Australia should overturn nuclear ban and could still build SMRs

Article by Adam Duckett

Mineral wealth: Mines in Australia provide 12% of global uranium output

Expert says nuclear can be brought to the grid

THE time has passed for Australia to build large nuclear plants, but it could still make use of small modular reactors to power industry. This is the view of nuclear expert Ziggy Switkowski, who told lawmakers the country’s ban on nuclear energy should be repealed.

Switkowski, who led a government review of nuclear power in 2006, appeared as an expert witness before Australia’s Standing Committee on Environment and Energy on 29 August. The committee has been tasked by government to investigate the prerequisites for nuclear energy in Australia. The country has a long-running bipartisan moratorium on the use of nuclear power despite being the world’s third-largest producer of uranium.

Switkowski, former Chairman of the Australian Nuclear Science and Technology Organisation (ANSTO), said such bans should be removed even if Australia decides not to press ahead with the use of new reactors. In his 2006 report he flagged that if the Australian Government were to support nuclear power, it would have to establish a regulator first, and predicted it would take 15 years to bring nuclear to the grid.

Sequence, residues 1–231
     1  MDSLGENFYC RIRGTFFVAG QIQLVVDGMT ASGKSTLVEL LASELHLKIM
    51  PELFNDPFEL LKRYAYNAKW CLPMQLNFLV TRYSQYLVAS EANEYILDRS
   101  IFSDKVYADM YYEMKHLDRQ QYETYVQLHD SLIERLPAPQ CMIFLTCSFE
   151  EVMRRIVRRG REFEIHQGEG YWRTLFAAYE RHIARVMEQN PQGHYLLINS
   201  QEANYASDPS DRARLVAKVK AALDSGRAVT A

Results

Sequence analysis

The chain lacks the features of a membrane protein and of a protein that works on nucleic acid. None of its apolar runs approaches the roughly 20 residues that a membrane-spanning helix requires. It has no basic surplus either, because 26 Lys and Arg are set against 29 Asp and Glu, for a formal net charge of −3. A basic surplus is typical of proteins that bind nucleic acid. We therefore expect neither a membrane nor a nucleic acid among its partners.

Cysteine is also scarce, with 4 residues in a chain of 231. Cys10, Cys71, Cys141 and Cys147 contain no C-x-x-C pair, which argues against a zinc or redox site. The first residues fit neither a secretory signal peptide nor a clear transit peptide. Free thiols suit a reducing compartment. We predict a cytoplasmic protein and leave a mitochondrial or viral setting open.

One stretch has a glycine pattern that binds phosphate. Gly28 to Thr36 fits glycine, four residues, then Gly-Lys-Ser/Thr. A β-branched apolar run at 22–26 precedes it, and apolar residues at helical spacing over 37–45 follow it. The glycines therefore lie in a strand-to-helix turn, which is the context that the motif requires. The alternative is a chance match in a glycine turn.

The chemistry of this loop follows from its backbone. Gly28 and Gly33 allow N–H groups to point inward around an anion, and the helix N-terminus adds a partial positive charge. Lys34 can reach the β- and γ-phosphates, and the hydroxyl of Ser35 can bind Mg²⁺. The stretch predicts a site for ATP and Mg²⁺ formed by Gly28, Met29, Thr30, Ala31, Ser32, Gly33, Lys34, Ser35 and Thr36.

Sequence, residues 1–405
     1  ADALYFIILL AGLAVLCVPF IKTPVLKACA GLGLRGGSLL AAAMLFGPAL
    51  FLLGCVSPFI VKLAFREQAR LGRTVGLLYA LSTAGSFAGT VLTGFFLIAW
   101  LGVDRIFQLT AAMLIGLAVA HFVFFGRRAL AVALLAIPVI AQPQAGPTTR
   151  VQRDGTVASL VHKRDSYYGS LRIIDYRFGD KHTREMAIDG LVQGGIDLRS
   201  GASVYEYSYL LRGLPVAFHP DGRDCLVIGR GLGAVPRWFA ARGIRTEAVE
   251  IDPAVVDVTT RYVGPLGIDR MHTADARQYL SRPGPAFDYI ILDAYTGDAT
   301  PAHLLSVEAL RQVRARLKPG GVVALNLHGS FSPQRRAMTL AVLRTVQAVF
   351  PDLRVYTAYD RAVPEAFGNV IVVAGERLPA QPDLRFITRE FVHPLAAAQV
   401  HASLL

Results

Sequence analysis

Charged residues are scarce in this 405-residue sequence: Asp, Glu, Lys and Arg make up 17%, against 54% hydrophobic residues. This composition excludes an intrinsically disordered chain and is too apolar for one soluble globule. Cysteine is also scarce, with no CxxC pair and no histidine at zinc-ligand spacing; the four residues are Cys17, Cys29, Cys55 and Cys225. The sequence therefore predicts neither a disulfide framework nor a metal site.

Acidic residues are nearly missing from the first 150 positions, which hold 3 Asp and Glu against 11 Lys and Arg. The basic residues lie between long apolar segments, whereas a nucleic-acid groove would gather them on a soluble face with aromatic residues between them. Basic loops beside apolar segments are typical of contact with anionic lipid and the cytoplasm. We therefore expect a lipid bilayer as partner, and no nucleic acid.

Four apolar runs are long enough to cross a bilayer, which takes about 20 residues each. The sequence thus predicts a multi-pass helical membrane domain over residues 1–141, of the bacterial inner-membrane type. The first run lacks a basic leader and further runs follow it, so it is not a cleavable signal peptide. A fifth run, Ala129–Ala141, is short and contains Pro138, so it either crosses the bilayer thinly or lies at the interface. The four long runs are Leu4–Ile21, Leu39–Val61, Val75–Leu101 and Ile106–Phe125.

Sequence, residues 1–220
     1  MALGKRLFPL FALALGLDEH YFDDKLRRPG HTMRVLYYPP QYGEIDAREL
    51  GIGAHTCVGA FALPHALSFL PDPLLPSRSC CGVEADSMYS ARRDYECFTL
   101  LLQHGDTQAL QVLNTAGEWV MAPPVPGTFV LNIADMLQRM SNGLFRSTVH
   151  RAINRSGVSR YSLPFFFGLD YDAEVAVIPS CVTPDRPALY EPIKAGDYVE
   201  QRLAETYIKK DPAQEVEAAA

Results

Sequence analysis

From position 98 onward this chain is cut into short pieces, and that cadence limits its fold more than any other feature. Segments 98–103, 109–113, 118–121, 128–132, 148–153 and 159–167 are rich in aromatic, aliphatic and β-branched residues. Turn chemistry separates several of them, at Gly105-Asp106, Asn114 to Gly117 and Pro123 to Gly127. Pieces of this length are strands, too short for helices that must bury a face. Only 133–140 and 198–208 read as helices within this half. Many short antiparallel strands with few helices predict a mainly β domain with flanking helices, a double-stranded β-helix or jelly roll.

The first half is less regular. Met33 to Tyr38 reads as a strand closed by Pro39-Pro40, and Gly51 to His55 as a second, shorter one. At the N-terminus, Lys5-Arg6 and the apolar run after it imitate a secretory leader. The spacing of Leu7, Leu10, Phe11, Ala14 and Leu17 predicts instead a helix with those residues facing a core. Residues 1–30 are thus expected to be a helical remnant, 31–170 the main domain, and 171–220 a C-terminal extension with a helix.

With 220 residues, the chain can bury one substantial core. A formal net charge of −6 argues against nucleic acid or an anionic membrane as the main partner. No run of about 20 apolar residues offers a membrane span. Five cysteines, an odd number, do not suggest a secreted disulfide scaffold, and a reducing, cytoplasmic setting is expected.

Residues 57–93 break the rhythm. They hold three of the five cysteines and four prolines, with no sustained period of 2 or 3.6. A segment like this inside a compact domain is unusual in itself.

Support mining and desalination

“I think the window for large gigawatts of nuclear generators has now closed for Australia,” he told the committee.

“Will there be an opportunity for small-to-medium moderate reactors? I think there will be, especially in regional Australia to power small towns up to 100,000 population, to support mining sites and desalination plants. But we won’t know until the small modular reactors are deployed in quantity and that’s unlikely to happen for another ten or so years,” said Switkowski, according to The Australian.

He noted that even if Australia doesn’t press ahead with use of nuclear power it should repeal its moratorium.

“We really should not be making decisions in 2019 based on legislation passed in 1999 reflecting the views of 1979,” he said.

His views echo the conclusions of a Royal Commission report published in 2016 by the South Australian Government, which recommended removing federal prohibitions on nuclear power to allow it “to contribute to a low-carbon electricity system, if required.”

“In theory, the phasing out of coal-fired power stations and the phasing in of nuclear reactors could make a lot of sense,” Switkowski said.

This article is adapted from an earlier online version.

Article by Adam Duckett

Editor, The Chemical Engineer

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